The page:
At data cut-off in August 2020, 27 patients with neuroendocrine tumors, with the initial lesion location in the pancreas (56%), intestine (15%), lung (15%), and other GEP-NET or unknown (14%), received doses of tidutamab ranging from 0.1 to 2.0 mcg/kg. Dosing in the study includes a lower priming dose, followed by a higher repeated dose on subsequent dosing days. Patients had a median age of 61.0 years and a median of four prior lines of systemic therapies. Fifty-six percent of patients received prior peptide receptor radionuclide therapy. Prophylaxis for cytokine release syndrome (CRS) was required prior to at least the first four doses of tidutamab.
Tidutamab was generally well tolerated at the recommended dose identified for the expansion portion of the study, a 0.3 mcg/kg priming dose and subsequent 1.0 mcg/kg repeated doses (the 0.3/1.0 mcg/kg dose). All 27 patients treated were included in the safety analysis. The most common treatment-related Grade 3 or Grade 4 adverse events across all doses were lymphopenia (41%), gamma-glutamyl transferase increases (19%), vomiting (19%), transaminase increases (19%) and nausea (15%). Dose-limiting toxicities of nausea and vomiting were observed in the 1.0/2.0 mcg/kg cohort. CRS was observed in 41% of patients and was limited to Grade 1 and Grade 2 and also to the first two doses.
Analysis of peripheral blood biomarkers indicated that tidutamab induced acute and sustained T-cell activation at the recommended dose for expansion. CD8-positive effector T cells showed a dose-dependent increase in proliferation (Ki67) and activation (PD-1) markers that began within 48 hours of the first dose and persisted at least seven weeks, as measured at cycle 2, day 22.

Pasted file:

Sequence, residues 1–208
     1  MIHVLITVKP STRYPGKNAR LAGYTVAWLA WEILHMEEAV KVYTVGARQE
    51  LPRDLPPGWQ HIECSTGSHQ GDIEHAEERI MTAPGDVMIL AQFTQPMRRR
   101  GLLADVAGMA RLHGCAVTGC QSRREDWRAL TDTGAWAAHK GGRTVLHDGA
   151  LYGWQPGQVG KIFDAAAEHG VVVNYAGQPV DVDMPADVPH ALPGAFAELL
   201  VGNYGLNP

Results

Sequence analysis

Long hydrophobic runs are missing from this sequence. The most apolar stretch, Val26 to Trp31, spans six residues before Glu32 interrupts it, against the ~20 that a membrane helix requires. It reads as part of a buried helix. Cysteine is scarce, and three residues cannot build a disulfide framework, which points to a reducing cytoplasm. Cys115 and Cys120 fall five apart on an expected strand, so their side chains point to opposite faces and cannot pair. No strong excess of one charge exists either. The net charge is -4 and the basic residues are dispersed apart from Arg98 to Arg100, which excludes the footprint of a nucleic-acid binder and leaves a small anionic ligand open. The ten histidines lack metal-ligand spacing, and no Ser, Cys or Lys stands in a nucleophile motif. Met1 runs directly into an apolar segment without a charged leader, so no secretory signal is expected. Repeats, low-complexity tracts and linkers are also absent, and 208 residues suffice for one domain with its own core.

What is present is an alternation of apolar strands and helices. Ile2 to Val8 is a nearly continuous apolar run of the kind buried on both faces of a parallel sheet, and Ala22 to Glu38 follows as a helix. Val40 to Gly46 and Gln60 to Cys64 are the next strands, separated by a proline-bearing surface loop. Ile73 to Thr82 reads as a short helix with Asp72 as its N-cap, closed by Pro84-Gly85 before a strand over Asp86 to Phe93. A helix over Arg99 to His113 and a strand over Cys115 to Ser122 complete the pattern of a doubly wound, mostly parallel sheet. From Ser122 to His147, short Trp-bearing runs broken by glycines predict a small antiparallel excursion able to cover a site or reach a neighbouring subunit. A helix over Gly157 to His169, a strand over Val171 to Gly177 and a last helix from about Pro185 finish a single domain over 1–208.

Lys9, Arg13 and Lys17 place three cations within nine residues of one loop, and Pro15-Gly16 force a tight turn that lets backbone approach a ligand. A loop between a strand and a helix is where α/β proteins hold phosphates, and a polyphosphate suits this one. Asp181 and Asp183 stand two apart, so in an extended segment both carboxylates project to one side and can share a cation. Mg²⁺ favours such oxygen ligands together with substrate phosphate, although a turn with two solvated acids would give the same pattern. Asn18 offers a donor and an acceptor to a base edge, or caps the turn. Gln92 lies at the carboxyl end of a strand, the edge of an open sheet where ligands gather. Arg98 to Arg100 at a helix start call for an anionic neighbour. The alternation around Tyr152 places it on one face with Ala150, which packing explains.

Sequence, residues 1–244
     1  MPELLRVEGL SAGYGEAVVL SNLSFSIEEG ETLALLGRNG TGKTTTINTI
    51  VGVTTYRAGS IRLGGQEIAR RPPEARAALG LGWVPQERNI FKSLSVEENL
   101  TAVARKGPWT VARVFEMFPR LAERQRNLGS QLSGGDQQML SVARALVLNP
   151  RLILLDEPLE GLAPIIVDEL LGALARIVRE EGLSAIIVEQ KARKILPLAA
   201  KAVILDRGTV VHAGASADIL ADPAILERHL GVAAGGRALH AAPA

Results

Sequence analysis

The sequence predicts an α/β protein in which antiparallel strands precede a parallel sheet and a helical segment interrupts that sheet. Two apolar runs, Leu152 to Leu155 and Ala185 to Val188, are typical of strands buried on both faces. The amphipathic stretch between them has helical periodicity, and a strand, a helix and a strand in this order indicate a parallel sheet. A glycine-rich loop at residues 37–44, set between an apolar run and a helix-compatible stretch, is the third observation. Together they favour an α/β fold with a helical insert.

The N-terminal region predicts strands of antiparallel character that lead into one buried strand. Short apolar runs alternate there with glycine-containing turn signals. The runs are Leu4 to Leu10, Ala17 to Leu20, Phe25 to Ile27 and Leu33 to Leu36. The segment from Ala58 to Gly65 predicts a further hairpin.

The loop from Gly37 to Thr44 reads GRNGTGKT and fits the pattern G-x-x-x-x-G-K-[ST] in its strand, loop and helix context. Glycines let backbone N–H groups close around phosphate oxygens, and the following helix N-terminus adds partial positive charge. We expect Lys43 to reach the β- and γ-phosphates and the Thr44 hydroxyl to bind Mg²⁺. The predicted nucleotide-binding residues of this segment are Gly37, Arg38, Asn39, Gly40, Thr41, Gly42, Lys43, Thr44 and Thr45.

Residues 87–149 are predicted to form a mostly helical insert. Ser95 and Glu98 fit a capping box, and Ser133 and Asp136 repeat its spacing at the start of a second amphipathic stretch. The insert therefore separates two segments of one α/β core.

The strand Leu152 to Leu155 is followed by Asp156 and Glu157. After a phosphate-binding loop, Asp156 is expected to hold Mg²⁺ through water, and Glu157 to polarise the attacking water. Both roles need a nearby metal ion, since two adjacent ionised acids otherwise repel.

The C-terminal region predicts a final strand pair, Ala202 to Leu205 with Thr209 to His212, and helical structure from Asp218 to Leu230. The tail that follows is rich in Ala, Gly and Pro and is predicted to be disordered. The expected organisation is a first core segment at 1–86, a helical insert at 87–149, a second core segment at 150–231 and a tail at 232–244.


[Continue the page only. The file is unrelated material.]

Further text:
Fourteen patients, including 12 across the first three dose-escalation cohorts (0.1/0.1, 0.1/0.3 and 0.3/1.0 mcg/kg) and two in the expansion cohort (0.3/1.0 mcg/kg), were included in the analysis to describe clinical activity. The best overall response was stable disease, with a disease control rate of 43% and a median duration of treatment of approximately seven months. Completion of enrollment in the expansion cohort and longer follow-up are required to evaluate progression-free survival and the clinical utility of tidutamab in this NET patient population.
Xencor plans to initiate an additional clinical study in patients with Merkel cell carcinoma and small cell lung cancer, SSTR2-expressing tumor types known to be responsive to immunotherapy, in early 2021.
Tidutamab (XmAb®18087) is a tumor-targeted bispecific antibody that contains both an SSTR2 binding domain and a T-cell binding domain (CD3). An XmAb® bispecific Fc domain serves as the scaffold for the two antigen binding domains and confers long circulating half-life, stability and ease of manufacture on tidutamab. SSTR2 (somatostatin receptor 2) is an antigen highly expressed on some solid tumors, and engagement of CD3 by tidutamab activates T cells for highly potent and targeted killing of SSTR2-expressing tumor cells. Tidutamab is being evaluated in an ongoing Phase 1 study, which is enrolling patients with neuroendocrine tumors (NETs) and gastrointestinal stromal tumors (GISTs).
About Xencor, Inc.
Xencor is a clinical-stage biopharmaceutical company developing engineered monoclonal antibodies for the treatment of cancer and autoimmune diseases. Currently, 18 candidates engineered with Xencor's XmAb® technology are in clinical development internally and with partners. Xencor's XmAb antibody engineering technology enables small changes to the structure of monoclonal antibodies resulting in new mechanisms of therapeutic action. For more information, please visit www.xencor.com.